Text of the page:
It may be a month and millions of dollars later, but how could I allow the end of the term and spring break to rob me of the opportunity to comment on what could be the largest grossing film of all time, and quite possibly the most controversial as well?After movies like “The Last Temptation of Christ,” “Stigmata,” and “Dogma,” and the publication of Dan Brown’s “The Da Vinci Code” last year, I really don’t see what all the fuss is about. As if religious unrest surrounding a controversial piece of pop culture were something new and unusual. Excuse the pun, but heaven forbid Jesus should step onto the big screen, lest fervent Judeo-Christians shift uncomfortably in their seats.
I can sum up Mel Gibson’s portrayal of the last hours of Jesus Christ in a single word: overrated. Not only have audiences blown the anti-Semitic controversy out of proportion – the film itself achieves nothing of cinematic excellence.
I’m almost disgusted that audiences have chosen shock value over superior filmmaking. Amazing make-up and extraordinary gore do not make a good film, but these seem to be the basis for this film’s praise. At certain times – for example, the Monty Python-esque spurting of blood after the piercing of Jesus’ side – the effects even becomes absurd.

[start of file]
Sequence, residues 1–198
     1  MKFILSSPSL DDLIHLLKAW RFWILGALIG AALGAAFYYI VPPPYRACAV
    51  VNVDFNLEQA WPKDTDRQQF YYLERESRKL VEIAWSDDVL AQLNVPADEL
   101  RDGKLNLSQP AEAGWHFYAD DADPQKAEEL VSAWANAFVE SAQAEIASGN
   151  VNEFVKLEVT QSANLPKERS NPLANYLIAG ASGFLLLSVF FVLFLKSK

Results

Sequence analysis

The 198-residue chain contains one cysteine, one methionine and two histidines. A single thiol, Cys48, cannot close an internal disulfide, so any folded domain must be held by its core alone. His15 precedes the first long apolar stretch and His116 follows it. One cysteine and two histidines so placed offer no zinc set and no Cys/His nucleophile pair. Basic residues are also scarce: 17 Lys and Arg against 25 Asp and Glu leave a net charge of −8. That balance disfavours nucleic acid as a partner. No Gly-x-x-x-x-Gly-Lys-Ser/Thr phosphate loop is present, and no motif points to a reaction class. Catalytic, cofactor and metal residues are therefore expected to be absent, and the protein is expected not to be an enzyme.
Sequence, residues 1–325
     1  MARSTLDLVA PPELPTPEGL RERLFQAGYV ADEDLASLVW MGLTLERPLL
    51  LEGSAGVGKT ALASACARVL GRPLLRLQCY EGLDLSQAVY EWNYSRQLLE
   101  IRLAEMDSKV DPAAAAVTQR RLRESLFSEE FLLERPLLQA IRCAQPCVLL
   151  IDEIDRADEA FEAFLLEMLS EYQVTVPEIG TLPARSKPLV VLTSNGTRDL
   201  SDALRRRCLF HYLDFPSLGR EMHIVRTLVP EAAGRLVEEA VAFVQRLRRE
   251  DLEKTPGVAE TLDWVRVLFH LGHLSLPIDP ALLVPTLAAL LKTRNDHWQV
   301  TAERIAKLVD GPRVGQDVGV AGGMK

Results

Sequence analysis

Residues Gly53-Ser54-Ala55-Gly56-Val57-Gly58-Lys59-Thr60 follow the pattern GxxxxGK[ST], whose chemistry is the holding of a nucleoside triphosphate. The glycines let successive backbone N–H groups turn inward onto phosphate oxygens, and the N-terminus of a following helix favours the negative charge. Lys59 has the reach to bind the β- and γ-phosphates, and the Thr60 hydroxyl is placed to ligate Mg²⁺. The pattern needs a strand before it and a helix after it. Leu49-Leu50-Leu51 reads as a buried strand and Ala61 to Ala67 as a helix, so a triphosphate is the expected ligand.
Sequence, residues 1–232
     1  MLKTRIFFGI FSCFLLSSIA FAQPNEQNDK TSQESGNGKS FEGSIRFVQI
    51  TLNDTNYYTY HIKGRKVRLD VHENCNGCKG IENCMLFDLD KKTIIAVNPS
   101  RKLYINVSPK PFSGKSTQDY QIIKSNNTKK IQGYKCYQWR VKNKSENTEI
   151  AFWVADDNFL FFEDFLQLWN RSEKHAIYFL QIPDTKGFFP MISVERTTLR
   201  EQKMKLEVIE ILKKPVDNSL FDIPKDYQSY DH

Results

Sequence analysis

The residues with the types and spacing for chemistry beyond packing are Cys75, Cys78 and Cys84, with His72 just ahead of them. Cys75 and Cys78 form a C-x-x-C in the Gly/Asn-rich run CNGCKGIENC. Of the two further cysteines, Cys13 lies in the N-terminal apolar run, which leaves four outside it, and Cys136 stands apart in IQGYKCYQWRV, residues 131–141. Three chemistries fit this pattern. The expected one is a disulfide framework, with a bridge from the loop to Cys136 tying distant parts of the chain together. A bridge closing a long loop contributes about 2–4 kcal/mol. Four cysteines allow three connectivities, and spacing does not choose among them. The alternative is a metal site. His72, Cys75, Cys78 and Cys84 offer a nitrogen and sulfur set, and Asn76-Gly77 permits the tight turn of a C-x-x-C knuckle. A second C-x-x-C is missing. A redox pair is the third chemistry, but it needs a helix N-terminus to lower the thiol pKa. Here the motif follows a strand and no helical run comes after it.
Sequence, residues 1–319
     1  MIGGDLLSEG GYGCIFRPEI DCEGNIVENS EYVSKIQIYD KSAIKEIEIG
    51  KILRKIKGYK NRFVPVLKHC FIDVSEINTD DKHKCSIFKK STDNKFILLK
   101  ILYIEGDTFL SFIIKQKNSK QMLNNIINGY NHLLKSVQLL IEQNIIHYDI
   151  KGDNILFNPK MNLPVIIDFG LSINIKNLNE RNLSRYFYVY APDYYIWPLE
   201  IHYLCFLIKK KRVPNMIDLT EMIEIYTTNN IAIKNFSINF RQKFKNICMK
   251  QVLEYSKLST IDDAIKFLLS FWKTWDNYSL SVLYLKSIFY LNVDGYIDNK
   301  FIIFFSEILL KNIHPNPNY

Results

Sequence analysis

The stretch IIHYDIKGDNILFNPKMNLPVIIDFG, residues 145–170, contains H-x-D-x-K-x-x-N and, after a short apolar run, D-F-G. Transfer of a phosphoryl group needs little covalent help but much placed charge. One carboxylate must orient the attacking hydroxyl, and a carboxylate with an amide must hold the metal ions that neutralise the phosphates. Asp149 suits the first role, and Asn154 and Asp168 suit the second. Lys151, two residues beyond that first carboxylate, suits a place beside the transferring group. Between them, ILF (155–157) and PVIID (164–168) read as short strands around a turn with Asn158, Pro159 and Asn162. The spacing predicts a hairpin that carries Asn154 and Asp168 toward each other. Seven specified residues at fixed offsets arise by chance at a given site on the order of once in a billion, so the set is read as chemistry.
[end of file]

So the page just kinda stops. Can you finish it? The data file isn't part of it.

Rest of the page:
The greatest detriment to the film is that director Mel Gibson tries to be historically accurate, biblically factual, and also adopt a metaphorical interpretation of the bible. Each provides an antithesis to the other two. Had he chosen a specific path, perhaps the end result would have been less irritating to those of us who raise eyebrows at a Crucifixion seen through the palms or the strange distribution of an androgynous Satan throughout the film.
Jim Caviezel gives an extraordinary performance, quite possibly the best of the year. I am grateful for the film if only because it has thrust his talent into the coveted Hollywood spotlight.
I cannot deny that Gibson has an eye for filmmaking. While his many mistakes make his production choices seem juvenile, he has a brilliant grasp of the effects of camera angles. He provides shots most directors wouldn’t think of attempting. His proficiency in this regard – and various other directorial decisions involving lighting, blocking, and close-ups – makes up for his poor decision in the ridiculously frequent use of slow motion.
It is a technique for emphasis. Gibson does not need to use slow motion every time Jesus falls down or is hit. We get the idea. Were these numerous instances shot in real time, the film would be at least half an hour shorter.
If you are one of the few who have yet to see “Passion,” save yourself eight dollars: record one of the many made-for-TV Jesus movies on network television and play it back in slow motion. Aside from the gore, it’s pretty much the same thing. C+.